By Norm Wood, email@example.com | 247-4642
9:47 PM EDT, July 21, 2011
JAMES CITY —
With temperatures approaching a beastly 100 degrees Thursday in Williamsburg, Korren Kirven exploded out of a three-point stance and chopped violently at a tackling dummy.
His efforts brought praise from the Football University Top Gun camp instructors leading the drills. Then again, Kirven's abilities weren't really much of a mystery to anybody at the camp, which continues Friday and Saturday at the massive sports complex next to Warhill High School.
Kirven's considered by most recruiting analysts to be one of the nation's top 20 defensive tackle prospects. Ranked No. 5 on the Daily Press' Fab 15 state recruiting rankings for the class of 2012, Kirven joins defensive end Eli Harold from Ocean Lakes High in Virginia Beach as the top two remaining uncommitted defensive players in the state.
All of which begs the questions — why in the world is Kirven at the camp in the first place? Doesn't an elite recruit that already has nearly 25 scholarship offers have something better to do with his time than toil in the baking sun with a few hundred other youth players, most of whom aren't anywhere near his caliber?
"Most of the time, in my case, you already have the exposure you need," said Kirven, a rising senior at Brookville High in Lynchburg, who said he now measures 6-foot-4 and 286 pounds. "For me, it's the opportunity to compete against better competition. I treat it as workouts."
It doesn't hurt that the instructors at the camp include many former college and NFL players.
Plus, Kirven is working at the camp with fellow linemen like defensive ends Alex Balducci from Portland, Ore., (an Oregon commitment) and Hasaan Ridgeway from Mansfield, Texas, (a Texas commitment), and defensive tackle Aziz Shittu from Atwater, Calif., — all of whom are considered by most recruiting analysts to be among the top 50 in the nation at their respective positions for the '12 class.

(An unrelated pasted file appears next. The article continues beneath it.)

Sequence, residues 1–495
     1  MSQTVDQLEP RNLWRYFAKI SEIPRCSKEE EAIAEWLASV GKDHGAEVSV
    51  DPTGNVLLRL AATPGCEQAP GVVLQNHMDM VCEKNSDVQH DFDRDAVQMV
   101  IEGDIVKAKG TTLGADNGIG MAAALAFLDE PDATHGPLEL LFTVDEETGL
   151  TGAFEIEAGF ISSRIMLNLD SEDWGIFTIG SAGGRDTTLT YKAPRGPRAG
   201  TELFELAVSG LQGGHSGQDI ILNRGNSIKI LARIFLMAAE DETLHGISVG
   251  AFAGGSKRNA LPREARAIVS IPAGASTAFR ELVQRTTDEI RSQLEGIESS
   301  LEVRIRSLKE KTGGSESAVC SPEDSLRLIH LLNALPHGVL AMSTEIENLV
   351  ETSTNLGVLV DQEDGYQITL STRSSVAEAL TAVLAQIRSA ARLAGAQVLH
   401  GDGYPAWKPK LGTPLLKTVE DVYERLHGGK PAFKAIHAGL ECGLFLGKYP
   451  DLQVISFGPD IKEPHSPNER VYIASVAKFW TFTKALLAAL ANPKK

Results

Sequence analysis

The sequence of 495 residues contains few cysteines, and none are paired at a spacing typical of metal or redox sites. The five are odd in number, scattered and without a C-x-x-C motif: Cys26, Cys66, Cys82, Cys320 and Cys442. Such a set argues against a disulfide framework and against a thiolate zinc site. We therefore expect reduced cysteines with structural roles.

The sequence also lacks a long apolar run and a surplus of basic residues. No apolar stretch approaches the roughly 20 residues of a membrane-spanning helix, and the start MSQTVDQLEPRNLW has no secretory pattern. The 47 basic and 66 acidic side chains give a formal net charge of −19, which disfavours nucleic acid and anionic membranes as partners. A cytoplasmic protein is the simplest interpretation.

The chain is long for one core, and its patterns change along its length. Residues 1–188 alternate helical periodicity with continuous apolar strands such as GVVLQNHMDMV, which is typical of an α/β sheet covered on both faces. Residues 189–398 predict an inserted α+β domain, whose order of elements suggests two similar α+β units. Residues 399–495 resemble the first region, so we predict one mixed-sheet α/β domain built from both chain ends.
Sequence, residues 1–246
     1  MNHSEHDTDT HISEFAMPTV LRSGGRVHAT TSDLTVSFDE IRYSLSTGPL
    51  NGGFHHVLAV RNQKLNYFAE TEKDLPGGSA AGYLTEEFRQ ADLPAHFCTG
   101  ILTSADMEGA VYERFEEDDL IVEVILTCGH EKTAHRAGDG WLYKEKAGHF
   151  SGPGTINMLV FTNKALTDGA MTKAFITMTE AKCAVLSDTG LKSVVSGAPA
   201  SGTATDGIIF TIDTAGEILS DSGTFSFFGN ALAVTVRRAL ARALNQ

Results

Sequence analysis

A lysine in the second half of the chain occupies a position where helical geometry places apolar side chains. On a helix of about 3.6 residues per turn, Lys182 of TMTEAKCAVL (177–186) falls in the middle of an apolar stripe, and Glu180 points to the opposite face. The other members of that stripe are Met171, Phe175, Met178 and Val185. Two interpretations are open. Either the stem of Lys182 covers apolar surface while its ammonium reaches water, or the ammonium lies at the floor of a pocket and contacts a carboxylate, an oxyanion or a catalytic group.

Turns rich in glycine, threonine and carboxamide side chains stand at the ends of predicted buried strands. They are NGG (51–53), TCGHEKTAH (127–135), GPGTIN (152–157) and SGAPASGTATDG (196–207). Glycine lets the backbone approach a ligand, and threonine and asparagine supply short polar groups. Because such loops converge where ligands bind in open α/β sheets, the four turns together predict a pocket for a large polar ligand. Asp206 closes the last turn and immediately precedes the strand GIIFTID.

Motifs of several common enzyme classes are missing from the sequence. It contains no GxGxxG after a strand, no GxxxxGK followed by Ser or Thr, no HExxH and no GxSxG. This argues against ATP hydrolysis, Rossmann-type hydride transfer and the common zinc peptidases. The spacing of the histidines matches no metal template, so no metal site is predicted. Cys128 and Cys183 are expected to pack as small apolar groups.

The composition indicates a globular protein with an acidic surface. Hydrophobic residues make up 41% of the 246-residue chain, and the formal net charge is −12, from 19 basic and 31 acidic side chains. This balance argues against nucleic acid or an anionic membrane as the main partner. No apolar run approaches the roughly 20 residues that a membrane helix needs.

Kirven has a lot in common with those guys. He's in the midst of dealing with pressure from recruiters that want an answer as soon as possible. Though he admits he's getting a little tired of the recruiting process, he's taking his time and doesn't have a timetable for a decision.
Right now, he's looking at scholarship offers from schools including Virginia, Virginia Tech, Auburn, Alabama, Stanford, Penn State, Notre Dame, Florida, Connecticut, North Carolina, N.C. State, Texas Tech, Rutgers, Utah, Tennessee, Maryland, Central Florida, Wake Forest, Vanderbilt, Colorado, Duke and Marshall.
He said he plans to narrow his list in the next couple weeks to 10-to-12 schools, four of which he knows will be U.Va., Virginia Tech, Auburn and Alabama. He visited Auburn and Alabama last week, and gave both programs rave reviews.
"Location and distance from home don't matter to me," Kirven said. "You always have to show love to the in-state schools. The in-state schools are some of the first to offer, some of the first to look for you. You have to show them the courtesy of keeping them up there on your list — at least, that's what I think."
Kirven believes he has the frame to play in college at as much as 300 pounds and without losing his speed on the defensive line. He said most programs that run a 4-3 defensive scheme want him as a defensive tackle, while some of the 3-4 schools see him at defensive end.
Not surprisingly, the Brookville contingent on Virginia Tech's roster, including defensive end Zack McCray and quarterback Logan Thomas, is putting the heat on Kirven. McCray has been especially vocal, but Kirven is a patient man.
"He can try to persuade me, but — you never know," Kirven said. "He just says, 'Hurry up and come join the family.' He's just joking around a lot."
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